Pay no attention to carping critics. If they didn't criticize, who would think they were important? Buy the novel - and enjoy yourself once again in Spenser's Boston.
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By Charles Ashbacher TOP 500 REVIEWER on May 16 2015
Format: Kindle Edition
I checked this book out of the library and while I was waiting for others to complete their searches I started reading it. I began laughing out loud and when my partner asked me what was so funny, she had me read the passages to her. She also laughed. I finally had to stop reading it in the library because I was causing a disturbance.
The wife (Mary Smith) of a very wealthy man (Nathan Smith) is accused of killing him. She is a dolt, nearly unable to answer even the simplest of questions. Her alibi is that she was downstairs watching television while he was in his bedroom getting shot. Rita Fiore hires Spenser to look into the case, which allows for the initial dialog between Rita and Spenser. As Spenser starts looking into the case, strange things happen, in that people start being killed. Yet, the only pattern to the killings is that they are people who talk to Spenser and may have given him information.
The plot becomes very convoluted, in that Nathan Smith had a very checkered past of involvement with young boys and Mary Smith continued to have affairs after the marriage. Not just affairs, but involvement with very unsightly men. As the story unfolded, I often wondered if Mary is in truth as stupid as she portrays herself. There is a climactic ending where Spenser has a shootout with the evil man, whose identity is not revealed until he is lying dead in a puddle of mud.
This is one of the very best Spenser novels, the dialog remains crisp throughout and there is the continuous hint of possible action between Spenser and Rita Fiore. There are many convolutions to the plot that keep you confused and that is one of the most enjoyable aspects of a mystery novel.
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Format: Audio CD
I picked up Widow's Walk from the library, to listen to while I commuted to work. This was my introduction to Robert B. Parker and as such, also to Spenser.
Joe Mantegna reads very well for the characters and manages to convey very believable characters. As I listened, my imagination played some film noir soundtrack in the background.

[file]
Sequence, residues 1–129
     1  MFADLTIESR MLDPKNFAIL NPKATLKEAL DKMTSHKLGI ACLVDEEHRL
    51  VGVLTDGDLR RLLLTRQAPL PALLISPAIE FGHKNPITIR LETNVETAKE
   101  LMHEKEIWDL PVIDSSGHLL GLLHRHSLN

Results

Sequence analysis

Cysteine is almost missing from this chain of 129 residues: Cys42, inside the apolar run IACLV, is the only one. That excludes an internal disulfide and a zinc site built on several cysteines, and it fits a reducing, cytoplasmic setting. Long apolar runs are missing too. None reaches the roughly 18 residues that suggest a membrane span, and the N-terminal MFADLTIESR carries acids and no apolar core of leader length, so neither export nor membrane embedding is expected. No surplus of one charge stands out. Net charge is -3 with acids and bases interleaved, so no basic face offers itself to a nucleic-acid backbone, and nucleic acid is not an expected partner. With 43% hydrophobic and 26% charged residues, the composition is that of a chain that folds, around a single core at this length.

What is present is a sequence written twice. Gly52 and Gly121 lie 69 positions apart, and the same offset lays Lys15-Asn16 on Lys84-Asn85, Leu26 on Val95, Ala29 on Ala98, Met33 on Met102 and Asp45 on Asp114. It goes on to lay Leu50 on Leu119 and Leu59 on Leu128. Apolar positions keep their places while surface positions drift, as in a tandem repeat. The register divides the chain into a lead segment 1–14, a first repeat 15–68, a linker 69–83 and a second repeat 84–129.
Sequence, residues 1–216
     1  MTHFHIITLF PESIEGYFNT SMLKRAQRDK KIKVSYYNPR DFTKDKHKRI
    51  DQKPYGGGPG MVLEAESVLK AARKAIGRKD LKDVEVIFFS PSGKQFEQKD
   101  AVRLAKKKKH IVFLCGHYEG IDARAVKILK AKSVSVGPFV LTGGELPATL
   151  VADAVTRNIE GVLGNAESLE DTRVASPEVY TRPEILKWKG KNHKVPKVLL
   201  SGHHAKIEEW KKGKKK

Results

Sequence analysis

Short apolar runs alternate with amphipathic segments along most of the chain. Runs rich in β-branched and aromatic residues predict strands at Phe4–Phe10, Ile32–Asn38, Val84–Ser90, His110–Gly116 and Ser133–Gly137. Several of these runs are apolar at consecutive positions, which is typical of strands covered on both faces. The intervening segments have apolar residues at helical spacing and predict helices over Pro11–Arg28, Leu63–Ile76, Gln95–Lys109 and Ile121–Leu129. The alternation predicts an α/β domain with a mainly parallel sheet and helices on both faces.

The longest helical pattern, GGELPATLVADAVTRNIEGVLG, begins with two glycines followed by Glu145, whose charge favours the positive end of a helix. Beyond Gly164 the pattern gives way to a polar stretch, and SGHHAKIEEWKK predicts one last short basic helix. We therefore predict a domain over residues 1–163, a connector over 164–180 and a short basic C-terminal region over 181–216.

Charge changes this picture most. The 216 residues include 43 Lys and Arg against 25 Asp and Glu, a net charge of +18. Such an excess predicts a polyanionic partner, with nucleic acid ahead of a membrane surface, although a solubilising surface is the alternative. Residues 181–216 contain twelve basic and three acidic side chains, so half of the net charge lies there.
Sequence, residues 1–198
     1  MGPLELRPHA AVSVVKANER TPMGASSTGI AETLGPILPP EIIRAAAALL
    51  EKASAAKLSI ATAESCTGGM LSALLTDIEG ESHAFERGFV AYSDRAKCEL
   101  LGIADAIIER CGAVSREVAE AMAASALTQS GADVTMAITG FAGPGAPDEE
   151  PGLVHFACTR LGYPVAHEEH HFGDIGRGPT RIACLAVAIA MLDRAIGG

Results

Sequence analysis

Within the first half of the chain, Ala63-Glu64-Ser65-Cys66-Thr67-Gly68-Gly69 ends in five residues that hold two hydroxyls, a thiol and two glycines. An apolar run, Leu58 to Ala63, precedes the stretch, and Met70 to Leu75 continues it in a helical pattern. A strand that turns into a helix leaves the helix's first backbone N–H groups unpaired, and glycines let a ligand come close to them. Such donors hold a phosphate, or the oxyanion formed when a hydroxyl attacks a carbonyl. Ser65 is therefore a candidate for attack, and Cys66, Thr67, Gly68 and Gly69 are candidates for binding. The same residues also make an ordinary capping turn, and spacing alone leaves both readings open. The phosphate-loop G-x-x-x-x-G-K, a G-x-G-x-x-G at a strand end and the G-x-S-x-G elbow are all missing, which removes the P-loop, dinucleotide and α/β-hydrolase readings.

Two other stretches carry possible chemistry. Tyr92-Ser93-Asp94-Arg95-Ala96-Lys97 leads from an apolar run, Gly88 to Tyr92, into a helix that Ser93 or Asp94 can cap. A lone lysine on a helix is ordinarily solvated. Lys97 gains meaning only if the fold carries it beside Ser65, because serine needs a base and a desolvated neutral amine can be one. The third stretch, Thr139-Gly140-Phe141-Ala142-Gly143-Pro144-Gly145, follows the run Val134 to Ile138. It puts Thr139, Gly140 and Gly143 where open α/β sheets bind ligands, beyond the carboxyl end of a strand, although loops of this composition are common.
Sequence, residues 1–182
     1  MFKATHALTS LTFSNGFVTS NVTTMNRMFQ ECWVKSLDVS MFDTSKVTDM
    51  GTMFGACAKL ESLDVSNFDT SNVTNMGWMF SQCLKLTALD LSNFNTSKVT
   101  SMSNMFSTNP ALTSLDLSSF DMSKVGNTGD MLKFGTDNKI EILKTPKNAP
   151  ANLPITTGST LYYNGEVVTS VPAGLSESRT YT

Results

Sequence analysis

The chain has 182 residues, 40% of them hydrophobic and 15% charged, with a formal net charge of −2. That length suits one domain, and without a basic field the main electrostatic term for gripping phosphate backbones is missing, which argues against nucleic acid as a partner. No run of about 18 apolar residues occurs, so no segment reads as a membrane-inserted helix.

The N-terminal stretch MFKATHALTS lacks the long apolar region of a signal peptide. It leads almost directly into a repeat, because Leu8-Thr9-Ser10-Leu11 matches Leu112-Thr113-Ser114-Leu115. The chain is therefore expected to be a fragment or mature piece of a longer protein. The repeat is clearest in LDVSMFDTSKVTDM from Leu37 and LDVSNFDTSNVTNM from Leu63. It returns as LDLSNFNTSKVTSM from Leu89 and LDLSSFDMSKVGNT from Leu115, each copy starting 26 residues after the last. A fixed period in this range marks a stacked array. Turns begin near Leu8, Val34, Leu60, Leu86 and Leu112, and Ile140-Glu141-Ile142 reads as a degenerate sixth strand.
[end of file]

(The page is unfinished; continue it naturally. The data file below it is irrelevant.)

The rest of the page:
There are a great many characters in the storyline. At one point I almost lost track of who was whom. And golly, everyone but the main characters seemed to die. It was as if they were all cursed with a Red Uniform from the original Star Trek days. And I think Parker seemed to concentrate more on having them dead than fleshing out the reasons or the writing behind the reasons for their deaths. The reasons just didn't seem to want to stick in my head. That felt unsatisfying.
All else considered, Widow's Walk was good for light reading, or listening, as the case was for me, but it wasn't exactly material that made me enthused about returning for another dose of Parker. I don't dislike his writing; it was just.. okay. It wasn't until I read the other Amazon readers' reviews for Widow's Walk that I figured I ought to give the earlier Spensers a go.
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Format: Paperback
We'll never tire of Spenser. I'm pretty certain of that. Even when we know the guy's going to end up being 80 years old, still checking out the babes, beating up the bad guys, with an emotional United Nations of friends and camp followers, even then we'll always enjoy his company for a few hundred pages.
Here he hooks up with an old flame, Rita Fiore, tries to help her client, the incredibly dumb Mary Smith, hangs with Cimoli, Quirk, Belson, Vinnie and Hawk, has his ashes hauled as usual by the ever size 5 Susan, and in the end, well, you know.
One disappointment for me was that he doesn't seem as sad as he used to be once faced with the darker side of the whims of life. As a consequence, Susan's sadness at the suicide of one of her patient's seems almost trite, certainly unnecessary. But it's Spenser being Spenser.
Hard to beat the early Spensers, but the recent ones ain't too shabby either. This one, "Widow's Walk," is one of the better novels of Parker's cast in the last ten years. Nevertheless, if you're new to the quintessential PI you shouild start with the early ones. These are some of the best mysteries in the last 50 years. Like the game we would play when we were kids, if you were going to take 10 mysteries with you on a deserted island, three would be by Parker written before 1985, possibly Gudwulf, Rachel Wallace, Ceremony, God Save the Child or A Savage Place.
But as Watson would tell Holmes, I digress. Spenser fans won't be disappinted in Widow's Walk.